|One of my photos. Someday |
I hope to get a real macro lens
and take true macro photos.
Confession time: for some inexplicable reason, I feel sheepish and somewhat ashamed to admit to reading any kind of “self-help” book. Why? I dunno. I guess I still get caught up in wanting to look like I have it all figured out. Or at least that I have myself figured out by now. I am almost 40, after all. But that is sooooo not true. And I shouldn’t be ashamed of that. I often proudly proclaim that the more I learn, the more I realize I don’t know. I know it’s okay not to have all the answers. So why this paranoia about admitting to reading about self-improvement?
Okay, well let’s be honest: it is partially because so many self-help publications are complete nonsense. There are lots of snake oil salesmen about, peddling their wares. I’ve paged through books, magazines and websites that end up telling me nothing I didn’t already know, stating the obvious, and otherwise wasting my time.
The first time I read and LOVED a piece of work belonging to the self-help genre was Gretchen Rubin’s The Happiness Project. So well-written and insightful! We could be BFFs based on what I know about her from her prose. I learned a lot about myself thanks to Gretchen, one thing being: be myself and don’t apologize for it. So here I am, telling you about the self-help books I read.
Anyway, I digress...
An idea of Tharp’s I just read about is that (it’s her belief) that we all have strands of creative code wired into our DNA – into our imaginations – that determine how we create. She used the analogy of the focal length of a camera’s lens (which totally worked for me). Are you a wide-angle kind of artist or do you apply a close-up viewpoint? On a grander scheme, it’s the difference between one’s work being representative of the essence of life versus the details of living.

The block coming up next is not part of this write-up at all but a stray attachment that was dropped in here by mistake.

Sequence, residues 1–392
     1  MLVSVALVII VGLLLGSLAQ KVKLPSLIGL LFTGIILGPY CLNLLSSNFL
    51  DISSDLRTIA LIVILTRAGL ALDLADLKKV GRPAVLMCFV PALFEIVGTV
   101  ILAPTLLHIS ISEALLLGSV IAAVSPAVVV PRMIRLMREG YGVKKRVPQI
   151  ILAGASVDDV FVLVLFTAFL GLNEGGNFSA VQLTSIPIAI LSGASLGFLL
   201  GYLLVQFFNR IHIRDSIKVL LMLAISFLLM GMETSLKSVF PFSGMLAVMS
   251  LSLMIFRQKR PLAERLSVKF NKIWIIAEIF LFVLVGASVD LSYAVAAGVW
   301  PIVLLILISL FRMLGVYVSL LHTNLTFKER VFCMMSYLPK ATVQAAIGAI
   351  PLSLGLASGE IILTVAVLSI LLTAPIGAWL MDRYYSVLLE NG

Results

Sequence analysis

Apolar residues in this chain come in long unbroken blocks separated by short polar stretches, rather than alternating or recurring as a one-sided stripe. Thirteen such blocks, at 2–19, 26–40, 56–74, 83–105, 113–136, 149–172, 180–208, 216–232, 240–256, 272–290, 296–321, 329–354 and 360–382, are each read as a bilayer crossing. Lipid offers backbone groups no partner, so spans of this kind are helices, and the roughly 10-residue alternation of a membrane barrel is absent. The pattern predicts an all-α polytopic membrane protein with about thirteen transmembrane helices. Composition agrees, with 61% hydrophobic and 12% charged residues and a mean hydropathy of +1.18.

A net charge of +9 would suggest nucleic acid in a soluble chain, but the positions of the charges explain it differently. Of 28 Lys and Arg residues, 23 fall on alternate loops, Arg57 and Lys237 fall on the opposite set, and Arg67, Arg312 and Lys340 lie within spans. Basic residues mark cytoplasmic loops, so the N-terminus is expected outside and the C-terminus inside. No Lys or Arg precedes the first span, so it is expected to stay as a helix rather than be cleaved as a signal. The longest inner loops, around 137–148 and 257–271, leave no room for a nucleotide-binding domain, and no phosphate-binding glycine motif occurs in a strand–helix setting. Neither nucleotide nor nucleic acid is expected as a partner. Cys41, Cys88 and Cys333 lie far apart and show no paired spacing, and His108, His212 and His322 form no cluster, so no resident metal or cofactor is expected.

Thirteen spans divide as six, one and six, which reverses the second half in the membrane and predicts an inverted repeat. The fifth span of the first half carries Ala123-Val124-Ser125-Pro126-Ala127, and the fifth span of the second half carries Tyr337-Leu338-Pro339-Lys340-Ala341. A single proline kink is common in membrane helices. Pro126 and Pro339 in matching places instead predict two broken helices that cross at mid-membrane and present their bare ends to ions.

This was an epiphany for me. Every so often, I discover someone else’s thesis and exposition that says succinctly, what has been floating around in the sea of my mind, just out of my grasp.
I am so totally a close-up person. For a hard-core, creative example, I can tell you that macro photography is a favorite of mine. On a practical, daily-life level, I am very detail-oriented. Type-A personality, borderline OCD. I like organization, systematic approaches, planning and order. My husband is pretty much the opposite. I am a scientist; Chris, a philosopher. On the beach, the huz sits in the sand, staring over the surf at the horizon and ponders the meaning of life; I crawl around the rock jetties in pursuit of sea life. I want the “how,” he wants the “why.” I want Michelangelo’s sketchbook; he wants to soak in the Sistine Chapel. If we were members of the crew on the Enterprise, he’d be Picard inviting alien races to tea to get to know their social customs; I’d be Dr Crusher scanning their biological functions in sick bay.
It’s not that I didn’t know some of this about myself already. But since I’m always focused in, looking to the details of life, I often need that jerk backwards that makes me stop and consider the bigger picture. Discovering the philosophy behind my behavior helps me to know myself better and therefore find and use my strengths, and downplay, or adjust for, my weaknesses. Maybe that’s why my hubby and I compliment each other so well: I keep him grounded and he helps my fly.
We’ll see where this realization gets me. My problem, I think, will come from the fact that I enjoy all kinds of art – from abstract pieces that embody the human spirit, to narrative pieces that illustrate the details of living. I need to pay attention to my creative attempts and discover how far I can stray from my usual repertoire to reach for growth before I tip the scales and face-plant into failure. I hope my personal mining will help me improve my writing if not other artistic endeavors.